LabelVarèse Sarabande
ProducerLeonard Rosenman
Leonard Rosenman chronology
Where Pigeons Go to Die
RoboCop 2 (Original Motion Picture Soundtrack)
Aftermath: A Test of Love
Professional ratings
Review scores

The film score was composed and conducted by Leonard Rosenman, who did not use any of Basil Poledouris's themes from the first film, instead composing entirely new themes and leitmotifs. The soundtrack album was released by Varèse Sarabande.

The glam metal group Babylon A.D. released a song called "The Kid Goes Wild", written by members Derek Davis, Vic Pepe, and Jack Ponti.[24] The song is played in the background in the middle part of the film, and it was also used to promote the film. The group created a music video featuring RoboCop targeting the band and having a shootout with some bad guys (footage of the film was also used).

Track listing
  1. "Overture: Robocop" – 6:02
  2. "City Mayhem" – 3:37
  3. "Happier Days" – 1:28
  4. "Robo Cruiser" – 4:40
  5. "Robo Memories" – 2:07
  6. "Robo and Nuke" – 2:22
  7. "Robo Fanfare" – 0:32
  8. "Robo and Cain Chase" – 2:41
  9. "Creating the Monster" – 2:47
  10. "Robo I vs. Robo II" – 3:41

Other media


A mass market paperback novelization by Ed Naha, titled RoboCop 2: A Novel, was published by Jove Books. Marvel Comics produced a three-issue adaptation of the film by Alan Grant. Like the novelization, the comic book series includes scenes omitted from the finished movie.

Comic books

Frank Miller's original screenplay for RoboCop 2 was turned into a nine-part comic book series titled Frank Miller's RoboCop. Critical reaction to the comic adaptation of the Miller script was mixed. Ken Tucker of Entertainment Weekly gave the comic a "D" score, criticizing the "tired story" and lack of "interesting action."[25] A recap written for the pop culture humor website I-Mockery said, "Having spent quite a lot of time with these comics over the past several days researching and writing this article, I can honestly say that it makes me want to watch the movie version of RoboCop 2 again just so I can get the bad taste out of my mouth. Or prove to myself that the movie couldn't be worse than this."[26]


See also


  1. "Robocop 2 (1990) - Box Office Mojo".
  2. "RoboCop 2 (1990) - Financial Information". Retrieved April 14, 2019.
  3. "RoboCop 2 (1990) - Irvin Kershner". AllMovie.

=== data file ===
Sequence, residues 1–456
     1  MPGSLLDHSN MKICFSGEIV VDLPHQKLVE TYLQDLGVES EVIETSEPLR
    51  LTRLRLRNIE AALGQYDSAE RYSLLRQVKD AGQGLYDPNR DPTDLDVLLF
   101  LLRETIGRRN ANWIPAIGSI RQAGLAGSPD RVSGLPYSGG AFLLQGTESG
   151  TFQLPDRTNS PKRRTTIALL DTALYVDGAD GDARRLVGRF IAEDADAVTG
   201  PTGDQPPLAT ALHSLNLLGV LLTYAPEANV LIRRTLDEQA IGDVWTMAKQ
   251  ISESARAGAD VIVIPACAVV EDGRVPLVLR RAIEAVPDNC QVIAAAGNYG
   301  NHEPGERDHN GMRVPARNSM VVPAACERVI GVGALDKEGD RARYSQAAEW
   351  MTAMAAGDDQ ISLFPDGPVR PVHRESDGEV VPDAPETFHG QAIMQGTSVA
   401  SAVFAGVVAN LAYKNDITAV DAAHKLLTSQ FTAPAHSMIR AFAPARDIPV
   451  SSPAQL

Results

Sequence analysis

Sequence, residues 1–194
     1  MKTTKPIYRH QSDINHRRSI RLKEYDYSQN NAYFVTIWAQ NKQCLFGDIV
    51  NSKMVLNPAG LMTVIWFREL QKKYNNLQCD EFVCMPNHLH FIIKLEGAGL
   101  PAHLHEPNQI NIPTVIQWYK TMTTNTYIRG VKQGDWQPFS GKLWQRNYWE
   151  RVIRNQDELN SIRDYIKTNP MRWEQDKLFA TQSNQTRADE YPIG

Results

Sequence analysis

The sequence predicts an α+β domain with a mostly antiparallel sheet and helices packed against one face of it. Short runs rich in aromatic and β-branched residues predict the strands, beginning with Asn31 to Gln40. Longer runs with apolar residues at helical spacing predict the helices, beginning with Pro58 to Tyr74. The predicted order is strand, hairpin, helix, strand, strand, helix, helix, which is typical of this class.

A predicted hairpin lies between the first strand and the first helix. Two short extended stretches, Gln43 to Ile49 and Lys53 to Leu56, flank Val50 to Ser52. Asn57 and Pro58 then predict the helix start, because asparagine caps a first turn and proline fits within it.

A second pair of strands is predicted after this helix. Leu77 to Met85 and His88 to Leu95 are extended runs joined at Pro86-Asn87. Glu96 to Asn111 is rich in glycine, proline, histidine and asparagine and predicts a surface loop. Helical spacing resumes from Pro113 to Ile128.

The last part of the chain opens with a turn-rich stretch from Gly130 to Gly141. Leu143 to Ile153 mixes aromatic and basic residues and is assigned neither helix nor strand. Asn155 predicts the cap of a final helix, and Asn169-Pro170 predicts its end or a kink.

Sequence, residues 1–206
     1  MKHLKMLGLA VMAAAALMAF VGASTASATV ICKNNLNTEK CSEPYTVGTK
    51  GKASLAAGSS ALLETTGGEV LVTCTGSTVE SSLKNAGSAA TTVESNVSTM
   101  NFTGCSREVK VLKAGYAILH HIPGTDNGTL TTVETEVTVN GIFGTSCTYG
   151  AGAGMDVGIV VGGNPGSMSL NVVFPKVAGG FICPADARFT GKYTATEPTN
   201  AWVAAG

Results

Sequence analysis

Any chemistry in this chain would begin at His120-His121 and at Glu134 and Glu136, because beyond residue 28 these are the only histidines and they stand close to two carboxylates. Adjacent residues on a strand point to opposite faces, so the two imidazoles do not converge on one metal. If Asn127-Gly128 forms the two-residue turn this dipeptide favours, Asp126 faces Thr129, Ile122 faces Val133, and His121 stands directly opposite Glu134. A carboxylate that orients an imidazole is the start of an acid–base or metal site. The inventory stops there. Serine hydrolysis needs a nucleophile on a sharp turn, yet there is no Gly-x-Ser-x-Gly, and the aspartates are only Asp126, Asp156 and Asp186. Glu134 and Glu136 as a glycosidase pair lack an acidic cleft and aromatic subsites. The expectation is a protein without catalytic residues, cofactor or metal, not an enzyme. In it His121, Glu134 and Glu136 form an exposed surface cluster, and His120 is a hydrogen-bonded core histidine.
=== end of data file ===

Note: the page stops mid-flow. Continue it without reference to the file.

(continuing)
4. Kershner, Irvin (July 16, 1990). "RoboCop 2: Entertainment, Yes but Also a Hero for Our Times". The Los Angeles Times. Retrieved October 13, 2010.
  5. "When 'Robocop 2' came to Houston". Houston Chronicle. June 23, 2015. Retrieved November 4, 2018.
  6. "Irvin Kershner". IMDb. Retrieved February 18, 2017.
  7. "RoboCop 2". Rotten Tomatoes. Flixster. Retrieved August 17, 2010.
  8. Gross, Max (February 9, 2014). "'RoboCop' predictions that came true – and those that did not". New York Post.
  9. Westbrook, Bruce (June 22, 1990). "'RoboCop 2' creators give city rave reviews". Houston Chronicle. Archived from the original on October 21, 2012. Retrieved February 7, 2011.
  10. Westbrook, Bruce (December 14, 1990). "'Gremlins' sequel better than the original film". Houston Chronicle. Archived from the original on October 21, 2012. Retrieved February 7, 2011.
  11. J.R. Gonzales (February 1, 2009). "Old Jeff Davis Hospital gets state recognition". Houston Chronicle. Retrieved July 14, 2014. External link in |website= (help)
  12. Dyer, R.A. (October 13, 1989). "Hollywood in Houston? Scores flock to filming of 'Robocop 2'". Houston Chronicle. Archived from the original on October 21, 2012. Retrieved February 7, 2011.
  13. Kelly, Tim (March 19, 2013). "When RoboCop Saved Sting and Ruined Professional Wrestling". Retrieved September 25, 2013.
  14. Mrosko, Greg (June 24, 2012). "Video: WWE Are You Serious? Makes Fun of WCW, RoboCop Rescuing Sting". Cageside Seats. Retrieved September 25, 2013.
  15. Broeske, Pat H. (June 25, 1990). "'Tracy' Stands Firm at No. 1; 'RoboCop2' Is 2". The Los Angeles Times. Retrieved November 8, 2010.
  16. Broeske, Pat H. (June 26, 1990). "'Dick Tracy' Clings to No. 1 Spot Second Week in a Row". The Los Angeles Times. Retrieved October 13, 2010.
  17. "Box office / business for RoboCop 2 (1990)". Retrieved June 29, 2017.
  18. Ebert, Roger (June 22, 1990). "Robocop 2". Chicago Sun-Times. Retrieved August 12, 2010.
  19. Nusair, David. "Robocop 2". Retrieved August 12, 2010.
  20. Maslin, Janet (June 22, 1990). "Review / Film; New Challenge and Enemy For a Cybernetic Organism". The New York Times. Retrieved August 17, 2010.
  21. Rainer, Peter (June 22, 1990). "An Overhauled 'RoboCop 2'". Los Angeles Times. Retrieved August 22, 2010.
  22. Scott, Jay (June 22, 1990). "RoboCop 2". The Globe and Mail. p. C.8.
  23. Missing or empty |title= (help)
  24. "The Kid Goes Wild - Babylon A.D. - Song Info". AllMusic.
  25. Review by Ken Tucker, Entertainment Weekly, September 5, 2003
  26. "Frank Miller's Roboflop", I-Mockery, March 31, 2008